OXFORD, Miss. – A prize-winning University of Mississippi journalism instructor is the 2016 recipient of a prestigious award from the Mississippi Humanities Council.
Alysia Burton Steele, assistant professor of multimedia, will be presented the Preserver of Mississippi Culture Award on Friday (Feb. 12) at the Old Capitol Museum in Jackson. The award, which recognizes an individual or organization for extraordinary efforts to protect and promote the cultural traditions and assets of the state, is in recognition of Steele’s book, “Delta Jewels: In Search of My Grandmother’s Wisdom” (Center Street, 2015). The invitation-only awards program begins at 6:45 p.m.
“I’ve partnered with the Delta Center and Mississippi Delta National Heritage Area, and we are doing statewide tours to present and preserve oral history in part by the ‘Delta Jewels’ stories,” Steele said. “That partnership and my passion for collecting these Mississippi stories inspired the prestigious nomination, for which I am in awe. For me, this recognition is encouraging because others are seeing value in the stories from a powerful, brave, strong demographic often overlooked in mainstream media.”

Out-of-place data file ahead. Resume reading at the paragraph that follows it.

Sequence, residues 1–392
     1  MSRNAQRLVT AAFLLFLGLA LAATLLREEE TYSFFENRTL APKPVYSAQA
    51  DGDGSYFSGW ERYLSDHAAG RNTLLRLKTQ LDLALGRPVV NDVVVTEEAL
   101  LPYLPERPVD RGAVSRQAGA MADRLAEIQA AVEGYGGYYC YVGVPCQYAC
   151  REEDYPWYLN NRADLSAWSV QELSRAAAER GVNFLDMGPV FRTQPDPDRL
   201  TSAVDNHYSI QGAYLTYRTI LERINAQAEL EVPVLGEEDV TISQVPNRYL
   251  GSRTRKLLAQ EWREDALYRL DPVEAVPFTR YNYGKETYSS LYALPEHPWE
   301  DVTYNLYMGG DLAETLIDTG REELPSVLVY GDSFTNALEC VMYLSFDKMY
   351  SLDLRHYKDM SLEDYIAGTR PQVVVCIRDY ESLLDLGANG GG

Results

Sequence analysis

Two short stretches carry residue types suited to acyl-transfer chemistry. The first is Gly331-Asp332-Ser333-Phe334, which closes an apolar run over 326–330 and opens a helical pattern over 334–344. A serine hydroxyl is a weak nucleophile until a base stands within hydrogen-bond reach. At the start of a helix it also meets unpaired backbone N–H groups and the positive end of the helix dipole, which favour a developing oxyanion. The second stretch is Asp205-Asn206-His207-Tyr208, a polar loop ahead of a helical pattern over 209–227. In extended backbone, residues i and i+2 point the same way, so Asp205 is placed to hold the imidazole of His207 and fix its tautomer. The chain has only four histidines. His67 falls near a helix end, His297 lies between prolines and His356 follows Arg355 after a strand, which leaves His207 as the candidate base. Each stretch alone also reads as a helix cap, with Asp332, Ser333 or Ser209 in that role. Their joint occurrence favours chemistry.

A finalist in the 2015 Jessie Redmon Fauset Book Awards for nonfiction, the book has been featured in The New York Times, NBC.com, USA Today, Chicago Sun-Times, National Public Radio, Atlanta Journal-Constitution, Essence, theroot.com (owned by the Washington Post), Free Lance-Star, The Clarion-Ledger and Southern Living.
“(Her) remarkable book of oral histories and photographs calls attention to an important, but often overlooked part of Mississippi history,” said Stuart Rockoff, MHC executive director. “These largely unheralded women have been the crucial backbone for the Delta’s African-American community.
“In addition to the book, our award recognizes Ms. Steele’s efforts to bring the stories of these women to audiences across Mississippi and the United States.”
Steele said she drove 6,000 miles, took more than 7,000 photos and collected more than 240 hours of raw audio while interviewing 54 women from 27 towns in the Mississippi Delta and Hills regions. She did this without major grants or sponsorships for nine months to complete this personal project.
“I did this project because I missed my grandmother, the woman who raised me,” Steele said. “She and my grandfather raised me from age 4 to18. I never photographed her or recorded her voice, and I missed her. That hit me when I saw the Delta and it reminded me of our summer visits to her family in South Carolina.
“It was never meant to be a book, but instead a personal journey for collecting oral history and photographing women church elders for poignant stories about life in Mississippi during the Jim Crow era.”
During the process of writing the work, the author faced and overcame several challenges and obstacles, including driving at least four hours round-trip to interview and photograph women, transcribe and work with her mentor, Stan Alost, on picture editing, all while teaching.
“I was exhausted but determined to get this project done before any of the women passed away,” Steele said. “That’s what drove me to work so hard.”